Saigon in 1967, by Mary McCarthy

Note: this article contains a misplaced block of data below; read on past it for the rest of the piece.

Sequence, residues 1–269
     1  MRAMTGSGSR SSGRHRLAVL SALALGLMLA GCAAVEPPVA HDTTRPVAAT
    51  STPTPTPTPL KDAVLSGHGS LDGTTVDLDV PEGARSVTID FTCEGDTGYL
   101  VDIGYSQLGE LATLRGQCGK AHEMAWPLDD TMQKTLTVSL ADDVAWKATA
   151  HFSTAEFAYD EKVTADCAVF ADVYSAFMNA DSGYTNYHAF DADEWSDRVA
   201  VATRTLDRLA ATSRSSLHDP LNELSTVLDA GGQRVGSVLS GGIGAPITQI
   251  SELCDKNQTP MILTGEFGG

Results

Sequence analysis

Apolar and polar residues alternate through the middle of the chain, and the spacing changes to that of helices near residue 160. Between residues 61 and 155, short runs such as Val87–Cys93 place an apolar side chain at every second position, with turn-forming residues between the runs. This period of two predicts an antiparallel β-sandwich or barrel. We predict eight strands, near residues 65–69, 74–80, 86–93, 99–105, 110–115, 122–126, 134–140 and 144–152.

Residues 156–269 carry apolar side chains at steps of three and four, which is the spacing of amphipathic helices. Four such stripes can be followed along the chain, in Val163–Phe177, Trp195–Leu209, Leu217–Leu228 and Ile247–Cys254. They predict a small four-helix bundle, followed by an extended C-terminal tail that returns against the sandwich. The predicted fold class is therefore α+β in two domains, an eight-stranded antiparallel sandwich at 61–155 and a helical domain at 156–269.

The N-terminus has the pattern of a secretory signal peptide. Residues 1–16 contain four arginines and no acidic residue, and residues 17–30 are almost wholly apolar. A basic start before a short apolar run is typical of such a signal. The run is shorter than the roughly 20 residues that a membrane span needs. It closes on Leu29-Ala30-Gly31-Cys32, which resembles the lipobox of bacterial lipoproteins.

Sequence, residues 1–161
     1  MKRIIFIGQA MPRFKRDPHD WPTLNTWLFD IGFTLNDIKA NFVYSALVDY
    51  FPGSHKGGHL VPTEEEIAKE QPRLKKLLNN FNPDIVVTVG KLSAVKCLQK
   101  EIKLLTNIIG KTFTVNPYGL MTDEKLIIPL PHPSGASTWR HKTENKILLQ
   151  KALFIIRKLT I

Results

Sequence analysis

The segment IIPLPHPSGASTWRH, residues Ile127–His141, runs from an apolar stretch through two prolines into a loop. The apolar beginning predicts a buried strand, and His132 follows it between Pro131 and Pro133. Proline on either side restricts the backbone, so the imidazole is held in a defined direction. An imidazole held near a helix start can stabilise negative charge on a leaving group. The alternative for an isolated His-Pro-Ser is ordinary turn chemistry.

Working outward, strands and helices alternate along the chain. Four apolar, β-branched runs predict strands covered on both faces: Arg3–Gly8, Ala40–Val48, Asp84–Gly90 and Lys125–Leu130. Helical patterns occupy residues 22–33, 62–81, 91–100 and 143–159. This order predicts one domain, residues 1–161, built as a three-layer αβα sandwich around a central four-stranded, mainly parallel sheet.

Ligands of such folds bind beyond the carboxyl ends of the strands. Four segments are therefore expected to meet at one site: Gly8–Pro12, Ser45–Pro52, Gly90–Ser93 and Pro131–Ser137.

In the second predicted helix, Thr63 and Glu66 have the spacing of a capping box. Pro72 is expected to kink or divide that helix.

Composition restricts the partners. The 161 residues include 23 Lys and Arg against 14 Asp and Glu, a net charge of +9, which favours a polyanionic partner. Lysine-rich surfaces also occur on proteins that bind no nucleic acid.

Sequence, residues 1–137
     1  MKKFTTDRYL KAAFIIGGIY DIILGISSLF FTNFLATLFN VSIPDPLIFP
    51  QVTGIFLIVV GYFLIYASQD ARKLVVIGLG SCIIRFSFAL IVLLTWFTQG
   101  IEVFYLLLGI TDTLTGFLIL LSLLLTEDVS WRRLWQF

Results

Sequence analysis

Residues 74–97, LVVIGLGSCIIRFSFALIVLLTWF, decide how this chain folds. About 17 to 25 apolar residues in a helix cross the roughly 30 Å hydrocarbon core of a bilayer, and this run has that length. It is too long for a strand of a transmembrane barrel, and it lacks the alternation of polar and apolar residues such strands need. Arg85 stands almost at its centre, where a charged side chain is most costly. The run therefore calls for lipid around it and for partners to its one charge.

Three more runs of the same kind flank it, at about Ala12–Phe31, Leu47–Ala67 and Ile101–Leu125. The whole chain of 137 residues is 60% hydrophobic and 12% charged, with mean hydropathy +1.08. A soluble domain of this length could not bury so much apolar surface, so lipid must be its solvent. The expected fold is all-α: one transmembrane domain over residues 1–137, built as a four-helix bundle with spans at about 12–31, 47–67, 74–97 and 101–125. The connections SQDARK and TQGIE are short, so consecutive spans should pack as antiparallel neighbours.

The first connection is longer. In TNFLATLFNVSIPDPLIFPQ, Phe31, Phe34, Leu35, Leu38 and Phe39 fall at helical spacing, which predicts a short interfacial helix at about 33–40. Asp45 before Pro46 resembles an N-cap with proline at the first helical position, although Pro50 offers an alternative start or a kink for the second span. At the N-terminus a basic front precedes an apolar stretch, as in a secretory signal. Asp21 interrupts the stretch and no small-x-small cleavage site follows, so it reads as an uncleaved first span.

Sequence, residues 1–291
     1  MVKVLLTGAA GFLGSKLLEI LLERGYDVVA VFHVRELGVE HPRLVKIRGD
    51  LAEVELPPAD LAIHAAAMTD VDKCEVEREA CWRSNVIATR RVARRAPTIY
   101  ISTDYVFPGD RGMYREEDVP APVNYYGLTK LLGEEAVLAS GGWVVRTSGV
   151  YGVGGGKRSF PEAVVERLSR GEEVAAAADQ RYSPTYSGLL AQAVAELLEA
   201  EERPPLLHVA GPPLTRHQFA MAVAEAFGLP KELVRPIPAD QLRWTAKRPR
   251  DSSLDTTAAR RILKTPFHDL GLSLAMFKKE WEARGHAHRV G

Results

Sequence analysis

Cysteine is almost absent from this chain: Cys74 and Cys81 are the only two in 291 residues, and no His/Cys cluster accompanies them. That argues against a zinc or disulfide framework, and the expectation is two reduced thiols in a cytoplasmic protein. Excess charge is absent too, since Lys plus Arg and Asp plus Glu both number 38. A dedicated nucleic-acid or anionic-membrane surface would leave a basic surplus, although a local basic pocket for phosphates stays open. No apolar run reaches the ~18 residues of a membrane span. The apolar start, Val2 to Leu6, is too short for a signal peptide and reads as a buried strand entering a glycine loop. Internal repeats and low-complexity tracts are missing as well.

To celebrate its 50th year, The New York Review of Books is republishing pieces from its formidable archive. Among them is a report from Vietnam by the novelist and critic Mary McCarthy (1912-1989) that first appeared in 1967. McCarthy was an opponent of American involvement there, something she makes clear from her first line. It’s a partisan piece, but the first section of it is also a vivid description of Saigon at a particular moment in time: “As we drove into downtown Saigon, through a traffic jam, I had the fresh shock of being in what looked like an American city, a very shoddy West Coast one… Not only military vehicles of every description, but Chevrolets, Chryslers, Mercedes Benz, Volkswagens, Triumphs, and white men everywhere in sport shirts and drip-dry pants. The civilian takeover is even more astonishing than the military. To an American, Saigon today is less exotic than Florence or the Place de la Concorde.”


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